Our findings show that COVID-19 cases and deaths are significantly correlated with environmental pollutants in both the USA and China. In the USA, we observed significant positive associations of NO2, PM2.5 and PM10 with COVID-19 confirmed cases and deaths in Spearman correlation. While in the Kendall correlation coefficient, we found that PM2.5 and PM10 had a significant correlation with COVID-19 cases and mortality. Moreover, PM10 showed a strong association with mortality rates in both Spearman and Kendall correlations. In China, statistical analysis showed that NO2, PM2.5 and PM10 had a significantly positive correlation with COVID-19 cases and deaths in both Spearman and Kendall correlations (Table 2).

After continuous scientific research, clear shreds of evidence are showed that human health was significantly affected by air pollution, particularly in urban areas. Bashir et al. (2020a) studied and analyzed that CO, PM2.5, PM10 and SO2 were positively associated with COVID-19 cases and deaths in the California state. Xiao et al. (2020) also found a strong correlation between environmental pollutants and COVID-19. He also proposed that only 1 μg m−3 increase in the concentration of PM2.5 can increase up to 15% in the fatality rate. A study from Thailand showed that CO, PM10, NO2, O3 and SO2 significantly increased the risk of respiratory diseases (Phosri et al. 2019). Yao et al. (2020) also analyzed the spatial correlation of PM2.5 and PM10 and the COVID-19 casualty rate by using multiple regression methods in China and found that PM2.5 and PM10 with higher concentration had a positive association with COVID-19 deaths. Zhao et al. (2019) studied and showed that highly pathogenic avian influenza (HPAI) virus was carried by fine particulate matter (PM2.5) in Iowa state, from infected places both within a state and neighboring states. On March 16, 2020, Setti et al. (2020a) published a study and found that an airborne route was a possible additional factor for interpreting the anomalous COVID-19 outbreaks notified in Northern Italy, known to be one of the European areas characterized by highest PM concentration. Another research study showed that a higher concentration of PM10 (> 50 μg m−3) results in a spread acceleration of COVID-19, suggesting a “boost effect” for the viral infection (Setti et al. 2020b). Additionally, the other researchers showed that pollution caused by PM10 affects the prognosis of COVID-19 patients (Bashir et al. 2020a). On the other hand, Bernardini et al. (2020) studied the association between environmental pollutants (CO, NO2, O3, and PM) and COVID-19 in Italy and found a significant positive correlation between them. Likewise, other researchers such as Adach et al. (2020), Ha (2020), and Zhu et al. (2020) also observed similar findings. This evidence supports our study and suggests that COVID-19 might spread through environmental pollutants.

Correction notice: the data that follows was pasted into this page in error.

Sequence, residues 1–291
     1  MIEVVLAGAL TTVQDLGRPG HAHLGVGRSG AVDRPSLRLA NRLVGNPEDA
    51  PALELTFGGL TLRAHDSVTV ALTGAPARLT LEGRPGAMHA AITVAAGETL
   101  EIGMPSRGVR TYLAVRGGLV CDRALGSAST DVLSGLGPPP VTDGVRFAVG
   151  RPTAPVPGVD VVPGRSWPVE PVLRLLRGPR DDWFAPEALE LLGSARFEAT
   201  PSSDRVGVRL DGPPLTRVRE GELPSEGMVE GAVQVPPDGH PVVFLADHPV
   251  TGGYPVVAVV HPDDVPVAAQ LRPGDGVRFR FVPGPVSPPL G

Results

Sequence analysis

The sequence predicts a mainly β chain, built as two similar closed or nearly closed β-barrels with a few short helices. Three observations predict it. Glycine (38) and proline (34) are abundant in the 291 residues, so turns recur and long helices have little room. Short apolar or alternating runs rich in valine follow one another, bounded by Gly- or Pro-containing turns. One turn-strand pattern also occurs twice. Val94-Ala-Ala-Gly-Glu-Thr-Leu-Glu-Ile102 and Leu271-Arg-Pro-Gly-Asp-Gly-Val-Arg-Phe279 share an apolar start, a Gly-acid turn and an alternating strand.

This study may have some limitations. Firstly, we studied the association between COVID-19 infection and environmental pollutants, but our findings were not globally representative as we only included five states and five provinces of the USA and China, respectively. Secondly, in this study, we could not examine the impact of all elements of lockdown measurements (smart lockdown or complete lockdown) due to the lack of data availability. Thirdly, this study did also not include age or gender-specific COVID-19 confirmed cases and deaths; therefore, we could not perform subgroup analyses. Future studies should address these limitations.


The study includes the comparison release of environmental pollutants (CO, NO2, SO2, PM2.5 and PM10) in the first quarter of 2019 and 2020 with a lockdown period of five states of the USA and five provinces of China. The results suggest that restricted human activities during the lockdown period have significantly reduced the concentrations of environmental pollutants in both countries. Among selected pollutants, NO2, PM2.5 and PM10 were observed significantly correlated with COVID-19 disease. The study helps to understand the implication of restricted anthropogenic activities in the reduction of environmental pollutants and to speculate the execution of some meticulous measures to improve the air quality.